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David Allen Wins Academy of Management Best Paper Award

For release:  June 6, 2011

Allen, D.G., Bryant, P.C., & Vardman, J.M. (2010). Retaining talent: Replacing misconceptions with evidence-based strategies. Academy of Management Perspectives, 24, 48-64.

An article by Professor of Management David G. Allen and two graduates of the Management doctoral program (Phil Bryant and James Vardaman, currently Assistant Professors at Columbus State University and Mississippi State University, respectively) has been awarded the 2011 Outstanding Practitioner Publication Award by the Organizational Behavior division of the Academy of Management. In the article, the authors identify the key managerial implications of decades of research on employee turnover. Based in part on research funded by the SHRM Foundation, the article also takes an evidence-based approach to dispelling misconceptions about turnover and developing retention strategies.

In selecting the winner of this award, a committee of 6 well-renowned scholars reviewed the journals in the field and nominated papers they felt were worthy of the award.  In addition, academy members also nominated papers.  Those papers which made the finalist list were then reviewed and evaluated by each committee member. A sample comment from the selection committee regarding the Allen et al. article was: "I think this paper addresses a very important concern for most managers in today organizations: employee turnover. The authors do a comprehensive review of the literature, including rigorous meta-analysis, to uncover and dismiss common misconceptions related to employee turnover with data based on rigorous research. I appreciate the evidence-based perspective taken by the paper as it provides managers with a good basis on which to base their decisions and on how to go about solving their turnover problems.  I also think the paper poses interesting issues such as the importance of understanding that not all turnover is necessarily bad and the fact that sometimes solving turnover is not cost-efficient."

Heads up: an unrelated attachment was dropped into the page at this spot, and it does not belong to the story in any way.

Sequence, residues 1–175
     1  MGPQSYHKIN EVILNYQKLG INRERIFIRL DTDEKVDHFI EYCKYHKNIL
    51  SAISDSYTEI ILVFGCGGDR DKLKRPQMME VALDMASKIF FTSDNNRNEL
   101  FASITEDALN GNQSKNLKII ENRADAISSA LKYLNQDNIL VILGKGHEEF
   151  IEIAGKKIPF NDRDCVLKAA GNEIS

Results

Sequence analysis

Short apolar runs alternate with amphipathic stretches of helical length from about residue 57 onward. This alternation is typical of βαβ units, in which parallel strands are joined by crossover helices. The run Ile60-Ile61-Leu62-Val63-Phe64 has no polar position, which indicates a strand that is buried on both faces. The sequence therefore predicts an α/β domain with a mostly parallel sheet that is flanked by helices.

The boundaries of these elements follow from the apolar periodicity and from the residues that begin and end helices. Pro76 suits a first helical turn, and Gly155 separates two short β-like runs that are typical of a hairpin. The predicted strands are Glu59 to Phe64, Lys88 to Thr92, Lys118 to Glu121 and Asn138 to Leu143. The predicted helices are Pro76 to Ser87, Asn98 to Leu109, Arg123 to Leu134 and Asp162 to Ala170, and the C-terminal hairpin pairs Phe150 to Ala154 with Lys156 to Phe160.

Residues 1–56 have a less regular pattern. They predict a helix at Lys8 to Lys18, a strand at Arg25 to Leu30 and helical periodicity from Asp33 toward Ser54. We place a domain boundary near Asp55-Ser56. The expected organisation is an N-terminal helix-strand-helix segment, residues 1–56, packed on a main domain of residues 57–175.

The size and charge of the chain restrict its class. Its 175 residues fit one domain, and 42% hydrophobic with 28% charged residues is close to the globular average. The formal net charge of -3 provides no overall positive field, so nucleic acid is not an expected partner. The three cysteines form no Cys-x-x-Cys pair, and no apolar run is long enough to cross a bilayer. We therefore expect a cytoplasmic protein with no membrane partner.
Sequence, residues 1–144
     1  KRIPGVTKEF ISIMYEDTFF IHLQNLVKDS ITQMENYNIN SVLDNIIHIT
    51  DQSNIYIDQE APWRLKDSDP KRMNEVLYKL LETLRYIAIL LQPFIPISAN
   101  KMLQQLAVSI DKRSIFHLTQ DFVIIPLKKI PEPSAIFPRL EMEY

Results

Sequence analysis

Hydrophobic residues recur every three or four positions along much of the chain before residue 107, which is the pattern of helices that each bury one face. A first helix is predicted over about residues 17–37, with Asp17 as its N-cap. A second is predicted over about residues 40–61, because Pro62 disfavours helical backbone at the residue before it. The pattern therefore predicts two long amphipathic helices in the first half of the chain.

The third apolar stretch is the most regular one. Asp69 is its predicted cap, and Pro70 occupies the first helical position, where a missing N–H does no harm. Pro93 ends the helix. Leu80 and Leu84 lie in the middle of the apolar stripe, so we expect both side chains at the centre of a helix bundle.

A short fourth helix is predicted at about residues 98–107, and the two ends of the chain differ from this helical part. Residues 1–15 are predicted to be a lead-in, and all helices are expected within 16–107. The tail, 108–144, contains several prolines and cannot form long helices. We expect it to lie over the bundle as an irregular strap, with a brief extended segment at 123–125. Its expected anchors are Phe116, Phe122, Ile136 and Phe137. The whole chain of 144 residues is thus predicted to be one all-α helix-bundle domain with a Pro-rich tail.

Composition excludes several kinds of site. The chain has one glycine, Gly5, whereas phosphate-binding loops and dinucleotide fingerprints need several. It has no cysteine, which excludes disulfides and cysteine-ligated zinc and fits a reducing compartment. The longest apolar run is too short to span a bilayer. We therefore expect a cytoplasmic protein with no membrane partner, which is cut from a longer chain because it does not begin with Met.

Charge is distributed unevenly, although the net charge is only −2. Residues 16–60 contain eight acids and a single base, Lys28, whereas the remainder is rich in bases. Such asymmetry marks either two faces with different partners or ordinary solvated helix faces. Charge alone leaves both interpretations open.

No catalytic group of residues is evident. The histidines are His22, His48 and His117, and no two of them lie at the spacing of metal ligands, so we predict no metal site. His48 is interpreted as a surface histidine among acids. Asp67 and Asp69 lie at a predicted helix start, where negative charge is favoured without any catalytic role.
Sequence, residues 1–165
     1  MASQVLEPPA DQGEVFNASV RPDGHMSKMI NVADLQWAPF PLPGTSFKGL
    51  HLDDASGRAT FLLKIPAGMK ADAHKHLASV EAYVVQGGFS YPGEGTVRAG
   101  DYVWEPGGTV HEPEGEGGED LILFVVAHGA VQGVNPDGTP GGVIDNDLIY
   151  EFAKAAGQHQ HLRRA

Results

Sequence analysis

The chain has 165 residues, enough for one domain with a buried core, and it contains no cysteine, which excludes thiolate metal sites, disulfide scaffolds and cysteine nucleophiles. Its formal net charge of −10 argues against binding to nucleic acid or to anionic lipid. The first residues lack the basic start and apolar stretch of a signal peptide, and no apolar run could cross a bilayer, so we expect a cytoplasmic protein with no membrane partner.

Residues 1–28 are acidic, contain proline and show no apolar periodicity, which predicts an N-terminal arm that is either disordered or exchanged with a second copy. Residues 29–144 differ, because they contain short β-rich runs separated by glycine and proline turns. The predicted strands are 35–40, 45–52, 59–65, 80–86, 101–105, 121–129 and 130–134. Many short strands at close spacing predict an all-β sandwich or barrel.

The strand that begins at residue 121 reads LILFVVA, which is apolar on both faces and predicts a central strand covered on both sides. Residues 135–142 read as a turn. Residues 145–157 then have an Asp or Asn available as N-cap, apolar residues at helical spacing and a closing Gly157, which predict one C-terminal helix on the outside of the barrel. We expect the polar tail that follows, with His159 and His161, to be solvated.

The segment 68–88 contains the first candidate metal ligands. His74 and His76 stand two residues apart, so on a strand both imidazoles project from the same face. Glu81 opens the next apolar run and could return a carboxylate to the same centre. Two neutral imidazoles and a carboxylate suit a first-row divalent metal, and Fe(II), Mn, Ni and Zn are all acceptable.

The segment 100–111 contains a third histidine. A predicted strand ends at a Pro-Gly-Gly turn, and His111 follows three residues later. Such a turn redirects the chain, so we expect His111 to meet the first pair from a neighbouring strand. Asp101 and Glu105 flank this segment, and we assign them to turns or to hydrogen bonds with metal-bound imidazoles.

Dr. Allen's research focuses on the flow of human capital into and out of organizations, and he can be reached at dallen@memphis.edu.

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